"You stand today, all of you, before the Lord your God: your chiefs, your tribes, your elders and your officers, even all the men of Israel, your little ones, your wives, and the alien who is within your camps, from the one who chops your wood to the one who draws your water, that you may enter into the covenant with the Lord your God, and into His oath which the Lord your God is making with you today, in order that He may establish you today as His people and that He may be your God, just as He spoke to you and as He swore to your fathers, to Abraham, Isaac, and Jacob. (Deut 29:10-13)

"Therefore say to the house of Israel, 'Thus says the Lord God, "It is not for your sake, O house of Israel, that I am about to act, but for My holy name, which you have profaned among the nations where you went. I will vindicate the holiness of My great name which has been profaned among the nations, which you have profaned in their midst. Then the nations will know that I am the Lord," declares the Lord God, "when I prove Myself holy among you in their sight. (Ezek 36:22-23)

There are two significant observations that can be made here as well.

1. God will clear His name, which has been misrepresented by the nation of Israel and made indistinguishable from pagan gods.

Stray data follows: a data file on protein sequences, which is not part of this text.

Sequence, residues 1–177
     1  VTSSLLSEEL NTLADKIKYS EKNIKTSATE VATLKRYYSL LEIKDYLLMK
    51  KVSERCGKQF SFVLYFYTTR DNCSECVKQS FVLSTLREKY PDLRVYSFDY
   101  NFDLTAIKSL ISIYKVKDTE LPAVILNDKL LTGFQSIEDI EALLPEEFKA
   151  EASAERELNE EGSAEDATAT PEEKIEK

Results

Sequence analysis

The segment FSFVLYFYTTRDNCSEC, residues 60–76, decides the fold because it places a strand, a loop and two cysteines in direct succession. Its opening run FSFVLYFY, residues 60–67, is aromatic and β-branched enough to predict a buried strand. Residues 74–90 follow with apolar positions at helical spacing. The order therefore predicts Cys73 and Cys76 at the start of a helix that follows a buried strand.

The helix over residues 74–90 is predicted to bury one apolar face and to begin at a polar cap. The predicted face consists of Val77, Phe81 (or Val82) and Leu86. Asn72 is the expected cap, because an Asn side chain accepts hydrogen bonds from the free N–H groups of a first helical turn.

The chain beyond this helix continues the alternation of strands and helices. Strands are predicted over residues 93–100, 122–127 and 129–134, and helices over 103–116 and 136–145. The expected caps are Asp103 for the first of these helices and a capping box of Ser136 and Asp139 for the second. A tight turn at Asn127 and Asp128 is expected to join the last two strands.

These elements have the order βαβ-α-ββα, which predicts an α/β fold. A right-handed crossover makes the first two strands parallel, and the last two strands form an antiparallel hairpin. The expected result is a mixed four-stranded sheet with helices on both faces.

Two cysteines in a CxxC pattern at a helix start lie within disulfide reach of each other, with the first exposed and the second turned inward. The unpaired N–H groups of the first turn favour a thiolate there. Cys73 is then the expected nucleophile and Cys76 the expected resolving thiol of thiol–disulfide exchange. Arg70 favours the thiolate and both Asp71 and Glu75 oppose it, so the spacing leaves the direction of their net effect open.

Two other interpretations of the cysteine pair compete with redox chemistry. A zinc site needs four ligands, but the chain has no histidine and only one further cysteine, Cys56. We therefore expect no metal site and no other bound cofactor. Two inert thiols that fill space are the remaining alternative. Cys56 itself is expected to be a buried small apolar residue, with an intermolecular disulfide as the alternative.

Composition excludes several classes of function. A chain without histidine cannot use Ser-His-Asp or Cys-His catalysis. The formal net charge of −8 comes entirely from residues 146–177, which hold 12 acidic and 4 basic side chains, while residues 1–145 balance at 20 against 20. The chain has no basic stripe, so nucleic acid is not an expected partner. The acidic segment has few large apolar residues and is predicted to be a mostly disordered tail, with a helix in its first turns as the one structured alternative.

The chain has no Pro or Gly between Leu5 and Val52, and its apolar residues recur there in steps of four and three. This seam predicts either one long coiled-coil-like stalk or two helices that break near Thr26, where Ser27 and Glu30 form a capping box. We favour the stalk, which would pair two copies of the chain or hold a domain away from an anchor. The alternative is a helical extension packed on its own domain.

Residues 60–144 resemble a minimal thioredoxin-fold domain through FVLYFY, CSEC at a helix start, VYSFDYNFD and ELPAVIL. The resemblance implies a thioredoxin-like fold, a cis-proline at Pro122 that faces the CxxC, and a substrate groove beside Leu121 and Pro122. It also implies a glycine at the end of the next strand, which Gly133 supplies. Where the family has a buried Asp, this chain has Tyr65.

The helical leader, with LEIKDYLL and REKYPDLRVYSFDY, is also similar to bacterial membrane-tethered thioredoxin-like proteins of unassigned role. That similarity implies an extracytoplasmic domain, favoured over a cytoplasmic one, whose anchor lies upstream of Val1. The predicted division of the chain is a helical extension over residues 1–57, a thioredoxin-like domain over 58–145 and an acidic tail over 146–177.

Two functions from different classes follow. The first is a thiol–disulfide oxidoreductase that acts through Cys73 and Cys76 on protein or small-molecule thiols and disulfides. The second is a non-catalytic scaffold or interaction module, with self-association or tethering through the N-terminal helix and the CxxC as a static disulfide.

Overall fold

2. God will make a New Covenant, not for the sake of the nation of Israel; but, to prove that He is Holy. By this act, the nations will know that God is not common and is not One who one dishonors or defiles; God is a living Being. The world will see this through His Son Jesus Christ (John 5:19-23; 14:7).

Witnessing the defeat of the nation and experiencing expulsion from the land, Ezekiel makes his prophecy known. For their failure to keep their covenant commitments to the Law of Moses, Jerusalem and the Temple will be destroyed just as foretold earlier when the nation of Israel made their covenant in the land of Moab.

All the nations will say, 'Why has the Lord done thus to this land? Why this great outburst of anger?' Then men will say, 'Because they forsook the covenant of the Lord, the God of their fathers, which He made with them when He brought them out of the land of Egypt. They went and served other gods and worshiped them, gods whom they have not known and whom He had not allotted to them. Therefore, the anger of the Lord burned against that land, to bring upon it every curse which is written in this book; and the Lord uprooted them from their land in anger and in fury and in great wrath, and cast them into another land, as it is this day.' (Deut 29:24-28)

In the busyness of life and conflicts in priorities, it is well worth to reflect whether one is profaning the name of God.

Then those who feared the Lord spoke to one another, and the Lord gave attention and heard it, and a book of remembrance was written before Him for those who fear the Lord and who esteem His name. "They will be Mine," says the Lord of hosts, "on the day that I prepare My own possession, and I will spare them as a man spares his own son who serves him." So you will again distinguish between the righteous and the wicked, between one who serves God and one who does not serve Him. (Mal 3:16-18)